Prime Minister Manmohan Singh, ahead of his departure for St. Petersburg for the G20 Summit, said rich nations that are showing signs of recovery must not pursue policies that hurt the growth prospects of emerging economies.
The main theme of the 8th G20 Summit is starting a new cycle of growth through quality jobs and investment, trust and transparency and effective regulation.
Singh said the collective focus of rich and developing countries must be on job creation and investment promotion in a bid to spur growth and sustain it.
"Though there are encouraging signs of growth in industrialized countries, there is also a slowdown in emerging economies, which are facing the adverse impact of significant capital outflows," he said.
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"I will emphasise in St. Petersburg the need for an orderly exit from the unconventional monetary policies being pursued by the developed world for the last few years, so as to avoid damaging the growth prospects of the developing world," Singh added.
Besides India, the G20 comprises Argentina, Australia, Brazil, Canada, China, France, Germany, Indonesia, Italy, Japan, Mexico, Russia, Saudi Arabia, South Africa, South Korea, Turkey, Britain, US and the EU.
Originally formed at the level of finance ministers and central bank governors in 1999 after the East Asian economic crisis, the G20 assumed significance after its elevation to a summit-level forum in 2008, following the global financial crisis.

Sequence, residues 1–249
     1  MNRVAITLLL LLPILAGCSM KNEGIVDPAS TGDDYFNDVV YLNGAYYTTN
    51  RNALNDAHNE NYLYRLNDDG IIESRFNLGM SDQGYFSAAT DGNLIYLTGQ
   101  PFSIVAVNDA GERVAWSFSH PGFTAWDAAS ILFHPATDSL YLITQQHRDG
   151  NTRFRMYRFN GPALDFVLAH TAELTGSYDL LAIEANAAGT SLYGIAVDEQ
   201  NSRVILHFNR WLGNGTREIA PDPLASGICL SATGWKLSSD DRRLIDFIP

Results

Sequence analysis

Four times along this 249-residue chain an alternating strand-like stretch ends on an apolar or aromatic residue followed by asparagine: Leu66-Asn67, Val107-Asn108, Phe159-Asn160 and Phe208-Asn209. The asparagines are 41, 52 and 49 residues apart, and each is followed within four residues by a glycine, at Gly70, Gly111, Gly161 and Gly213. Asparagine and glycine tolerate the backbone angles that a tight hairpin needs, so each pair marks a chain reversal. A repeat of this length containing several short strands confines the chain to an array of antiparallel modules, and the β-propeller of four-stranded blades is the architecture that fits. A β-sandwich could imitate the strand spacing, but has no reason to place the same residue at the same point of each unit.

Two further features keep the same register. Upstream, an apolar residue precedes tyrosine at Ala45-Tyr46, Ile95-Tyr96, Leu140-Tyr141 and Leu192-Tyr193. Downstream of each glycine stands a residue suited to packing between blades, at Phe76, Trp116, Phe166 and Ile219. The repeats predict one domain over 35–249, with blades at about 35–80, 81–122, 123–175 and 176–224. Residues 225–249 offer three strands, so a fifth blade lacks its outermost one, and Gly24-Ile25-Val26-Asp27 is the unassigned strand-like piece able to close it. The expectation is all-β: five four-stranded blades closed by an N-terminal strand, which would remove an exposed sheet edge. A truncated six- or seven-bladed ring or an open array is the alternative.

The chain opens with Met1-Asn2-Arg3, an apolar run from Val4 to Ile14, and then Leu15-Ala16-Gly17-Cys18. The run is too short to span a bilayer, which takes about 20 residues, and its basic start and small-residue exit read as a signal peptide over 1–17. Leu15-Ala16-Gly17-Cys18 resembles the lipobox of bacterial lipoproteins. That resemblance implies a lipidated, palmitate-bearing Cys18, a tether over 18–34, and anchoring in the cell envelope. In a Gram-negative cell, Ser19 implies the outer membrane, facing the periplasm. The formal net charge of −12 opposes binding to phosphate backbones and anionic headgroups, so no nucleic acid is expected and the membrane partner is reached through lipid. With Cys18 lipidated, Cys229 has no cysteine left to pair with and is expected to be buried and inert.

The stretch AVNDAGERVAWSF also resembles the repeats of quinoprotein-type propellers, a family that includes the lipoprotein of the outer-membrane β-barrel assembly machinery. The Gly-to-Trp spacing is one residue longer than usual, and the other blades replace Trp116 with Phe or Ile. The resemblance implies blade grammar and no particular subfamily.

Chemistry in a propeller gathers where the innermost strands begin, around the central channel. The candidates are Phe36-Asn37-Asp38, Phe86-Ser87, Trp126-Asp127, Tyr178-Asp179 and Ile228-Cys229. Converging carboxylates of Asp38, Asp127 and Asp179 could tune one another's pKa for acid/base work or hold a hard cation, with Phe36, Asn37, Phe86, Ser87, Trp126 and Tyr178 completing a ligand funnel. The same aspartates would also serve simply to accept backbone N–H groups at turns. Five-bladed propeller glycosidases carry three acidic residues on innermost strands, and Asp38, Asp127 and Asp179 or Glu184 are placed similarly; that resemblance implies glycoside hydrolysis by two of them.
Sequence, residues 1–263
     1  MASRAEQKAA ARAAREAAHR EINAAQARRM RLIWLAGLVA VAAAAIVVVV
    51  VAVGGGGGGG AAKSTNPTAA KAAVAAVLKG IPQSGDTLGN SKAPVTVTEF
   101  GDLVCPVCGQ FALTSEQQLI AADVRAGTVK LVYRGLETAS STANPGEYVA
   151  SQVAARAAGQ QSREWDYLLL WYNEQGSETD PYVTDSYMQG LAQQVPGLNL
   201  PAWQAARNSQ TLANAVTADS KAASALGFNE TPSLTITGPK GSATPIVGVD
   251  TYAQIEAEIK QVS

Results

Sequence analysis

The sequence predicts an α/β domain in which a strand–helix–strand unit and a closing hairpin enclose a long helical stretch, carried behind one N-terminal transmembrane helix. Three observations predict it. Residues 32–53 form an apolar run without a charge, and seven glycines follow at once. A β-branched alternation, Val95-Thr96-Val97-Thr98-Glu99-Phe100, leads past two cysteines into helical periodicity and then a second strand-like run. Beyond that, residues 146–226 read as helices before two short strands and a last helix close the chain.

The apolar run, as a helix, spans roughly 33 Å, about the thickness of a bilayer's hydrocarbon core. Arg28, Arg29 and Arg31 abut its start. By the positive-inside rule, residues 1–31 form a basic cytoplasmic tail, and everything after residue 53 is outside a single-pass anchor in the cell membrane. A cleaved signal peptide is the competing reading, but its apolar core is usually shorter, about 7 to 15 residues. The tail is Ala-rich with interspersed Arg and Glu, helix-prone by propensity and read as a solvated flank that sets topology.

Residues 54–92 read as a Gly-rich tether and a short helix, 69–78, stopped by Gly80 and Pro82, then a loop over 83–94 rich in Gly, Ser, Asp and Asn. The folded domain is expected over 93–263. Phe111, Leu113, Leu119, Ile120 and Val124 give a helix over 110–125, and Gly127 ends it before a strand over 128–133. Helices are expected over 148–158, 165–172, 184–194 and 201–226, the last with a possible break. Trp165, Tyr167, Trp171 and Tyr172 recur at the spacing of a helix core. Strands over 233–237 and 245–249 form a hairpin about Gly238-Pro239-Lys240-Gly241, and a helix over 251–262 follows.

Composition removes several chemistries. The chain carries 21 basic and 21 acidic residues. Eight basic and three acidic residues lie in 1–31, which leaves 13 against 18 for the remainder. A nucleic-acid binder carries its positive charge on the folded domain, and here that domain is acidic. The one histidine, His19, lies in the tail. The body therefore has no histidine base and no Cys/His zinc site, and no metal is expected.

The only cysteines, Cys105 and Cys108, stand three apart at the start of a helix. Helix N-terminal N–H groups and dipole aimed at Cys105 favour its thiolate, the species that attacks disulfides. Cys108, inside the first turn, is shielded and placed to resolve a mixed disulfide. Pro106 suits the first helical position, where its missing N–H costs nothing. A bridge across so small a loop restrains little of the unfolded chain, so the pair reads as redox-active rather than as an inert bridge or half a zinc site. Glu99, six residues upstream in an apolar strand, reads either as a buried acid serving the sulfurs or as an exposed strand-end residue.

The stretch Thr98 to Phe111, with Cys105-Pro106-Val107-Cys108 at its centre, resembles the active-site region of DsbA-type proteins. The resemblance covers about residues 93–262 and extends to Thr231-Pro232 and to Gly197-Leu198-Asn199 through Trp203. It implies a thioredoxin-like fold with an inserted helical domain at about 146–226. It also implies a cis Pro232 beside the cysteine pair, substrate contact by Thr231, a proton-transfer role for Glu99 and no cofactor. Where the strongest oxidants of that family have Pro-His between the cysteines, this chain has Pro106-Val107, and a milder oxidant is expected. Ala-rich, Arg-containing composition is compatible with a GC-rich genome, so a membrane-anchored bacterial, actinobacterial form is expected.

"It is also important that G20 encourages and promotes policy coordination among major economies in a manner that provides for a broad-based and sustained global economic recovery and growth," Singh added.
The prime minister's remarks come at a time when the Indian rupee has dipped below 68 to a dollar, economic growth is at four-year low and stock markets have taken a hit, among other gloomy signs.
On his part, Singh said, India has taken steps to pursue reforms, create a more investment-friendly environment, stabilise the rupee and strengthen macro-economic stability.
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"At the same time, a stable and supportive external economic environment is also required to revive economic growth," he said. "The G20 Summit, therefore, is an important forum to seek an international climate that is beneficial for all countries."
Apart from attending the summit and holding bilateral talks, the visit will also afford an opportunity to the prime minister to meet with leaders from Brazil, Russia, China and South Africa, which collectively form the BRICS nations.
The prime minister returns Saturday.
The past summits were held in Washington, London, Pittsburgh, Toronto, Seoul, Cannes and Los Cabos.